By Alex Helmick and Molly Samuel
Weather experts say the next couple of weeks could be some of the worst in state history for wildfires caused by lightning strikes.
Three years of drought have caused the state to become incredibly dry, with significantly more wildfires than last year.
"From here on in as we finish July and go into August, it's just going to get considerably worse," said Basil Newmerzhycky, a fire weather meteorologist at the Northern California Geographic Area Coordination Center, a wildfire-fighting center in Redding.
Newmerzhycky says over the coming weeks we could see 500-1,000 lightning strikes across the state. (Update: In fact, check out the graphic below from the National Weather Service; there were 6,000 lightning strikes detected in California just yesterday.) Last week, thunderstorms in the Sierra brought plenty of lightning, and a few fires started in Yosemite. According to the Fresno Bee, those were extinguished, and since the lightning was accompanied by rain, it didn't do as much damage as it would have had it been dry.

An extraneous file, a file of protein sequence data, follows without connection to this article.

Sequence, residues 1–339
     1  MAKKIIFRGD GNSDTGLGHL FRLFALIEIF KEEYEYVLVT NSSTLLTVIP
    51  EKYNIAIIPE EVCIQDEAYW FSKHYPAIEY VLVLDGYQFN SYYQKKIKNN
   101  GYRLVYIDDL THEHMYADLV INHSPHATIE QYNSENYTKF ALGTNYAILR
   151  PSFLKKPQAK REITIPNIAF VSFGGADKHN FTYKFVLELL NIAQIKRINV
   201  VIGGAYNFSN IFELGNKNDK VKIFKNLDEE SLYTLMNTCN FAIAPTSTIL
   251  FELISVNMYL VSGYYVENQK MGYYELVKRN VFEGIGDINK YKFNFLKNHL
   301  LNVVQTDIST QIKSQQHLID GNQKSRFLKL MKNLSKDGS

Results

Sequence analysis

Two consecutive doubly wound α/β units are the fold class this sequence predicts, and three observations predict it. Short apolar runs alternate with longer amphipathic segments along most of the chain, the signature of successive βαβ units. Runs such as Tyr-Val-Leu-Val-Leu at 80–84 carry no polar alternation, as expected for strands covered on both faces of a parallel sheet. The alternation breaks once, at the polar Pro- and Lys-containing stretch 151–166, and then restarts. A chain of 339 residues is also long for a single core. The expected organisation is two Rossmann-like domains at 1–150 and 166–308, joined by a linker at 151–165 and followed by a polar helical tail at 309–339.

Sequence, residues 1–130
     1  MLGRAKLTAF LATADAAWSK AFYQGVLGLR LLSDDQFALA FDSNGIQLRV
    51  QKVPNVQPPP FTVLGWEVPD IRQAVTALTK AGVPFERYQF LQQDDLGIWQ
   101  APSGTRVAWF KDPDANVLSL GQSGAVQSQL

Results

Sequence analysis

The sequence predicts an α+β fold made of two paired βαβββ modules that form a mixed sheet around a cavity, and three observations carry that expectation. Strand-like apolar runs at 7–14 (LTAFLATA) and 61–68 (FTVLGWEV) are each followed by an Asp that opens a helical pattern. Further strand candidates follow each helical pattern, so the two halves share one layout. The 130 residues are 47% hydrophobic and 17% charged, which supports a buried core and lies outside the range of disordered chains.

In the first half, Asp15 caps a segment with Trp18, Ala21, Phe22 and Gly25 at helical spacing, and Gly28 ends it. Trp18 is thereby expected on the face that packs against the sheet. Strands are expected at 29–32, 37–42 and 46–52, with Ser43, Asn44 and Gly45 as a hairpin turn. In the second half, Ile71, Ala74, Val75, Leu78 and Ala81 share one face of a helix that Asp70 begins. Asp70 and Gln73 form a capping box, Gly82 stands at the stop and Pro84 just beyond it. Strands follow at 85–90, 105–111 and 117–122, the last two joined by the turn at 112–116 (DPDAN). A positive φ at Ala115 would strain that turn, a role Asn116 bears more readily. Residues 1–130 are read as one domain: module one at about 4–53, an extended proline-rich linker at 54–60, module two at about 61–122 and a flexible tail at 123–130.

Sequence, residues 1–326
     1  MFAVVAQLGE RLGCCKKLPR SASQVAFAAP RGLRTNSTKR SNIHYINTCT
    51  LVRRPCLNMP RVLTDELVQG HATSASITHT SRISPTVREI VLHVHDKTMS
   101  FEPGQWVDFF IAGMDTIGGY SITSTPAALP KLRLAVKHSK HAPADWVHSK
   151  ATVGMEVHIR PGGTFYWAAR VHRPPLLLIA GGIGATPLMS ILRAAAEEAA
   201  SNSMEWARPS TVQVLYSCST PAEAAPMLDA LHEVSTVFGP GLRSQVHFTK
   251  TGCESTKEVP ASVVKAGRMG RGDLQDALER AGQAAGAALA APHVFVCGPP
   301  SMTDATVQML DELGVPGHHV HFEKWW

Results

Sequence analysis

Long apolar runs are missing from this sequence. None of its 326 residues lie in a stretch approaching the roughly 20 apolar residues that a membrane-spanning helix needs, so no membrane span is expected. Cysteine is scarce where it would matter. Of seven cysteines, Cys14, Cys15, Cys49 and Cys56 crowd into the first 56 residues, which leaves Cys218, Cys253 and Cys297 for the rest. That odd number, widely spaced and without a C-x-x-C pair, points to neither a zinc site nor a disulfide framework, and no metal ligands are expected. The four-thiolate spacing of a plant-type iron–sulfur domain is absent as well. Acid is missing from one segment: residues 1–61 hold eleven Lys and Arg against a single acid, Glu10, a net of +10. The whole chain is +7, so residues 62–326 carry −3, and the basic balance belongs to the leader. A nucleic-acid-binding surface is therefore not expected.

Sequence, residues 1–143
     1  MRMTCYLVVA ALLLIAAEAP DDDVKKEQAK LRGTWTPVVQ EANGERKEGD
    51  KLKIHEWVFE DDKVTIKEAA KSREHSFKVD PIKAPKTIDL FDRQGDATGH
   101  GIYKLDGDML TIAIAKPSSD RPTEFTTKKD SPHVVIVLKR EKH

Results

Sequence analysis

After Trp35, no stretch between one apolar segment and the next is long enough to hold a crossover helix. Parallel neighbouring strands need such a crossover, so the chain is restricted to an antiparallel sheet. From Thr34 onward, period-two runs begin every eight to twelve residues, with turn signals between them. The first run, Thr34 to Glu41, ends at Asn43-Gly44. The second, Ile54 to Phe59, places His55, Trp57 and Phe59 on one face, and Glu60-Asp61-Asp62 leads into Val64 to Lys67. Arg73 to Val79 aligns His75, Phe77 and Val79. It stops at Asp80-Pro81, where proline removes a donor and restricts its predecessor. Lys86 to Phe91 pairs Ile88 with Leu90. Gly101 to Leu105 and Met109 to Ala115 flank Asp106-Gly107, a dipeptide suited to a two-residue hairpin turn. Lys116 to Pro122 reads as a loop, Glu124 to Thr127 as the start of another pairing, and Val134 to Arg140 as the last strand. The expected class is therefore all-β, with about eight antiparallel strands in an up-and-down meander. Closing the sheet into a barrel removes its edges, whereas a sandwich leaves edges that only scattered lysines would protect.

Nonetheless, Newmerzhycky expects that wet patch to be short, with a return to dry conditions and a high risk of fire later this week.
"With a normal lightning pattern, we will probably see an above-normal fire occurrence," he said, chalking it up to the extremely dry vegetation. "If we happen to not get as many lightning events, though, that could be our saving grace."
In 2008, dry lightning ignited more than 2,000 fires in California in a span of a few days.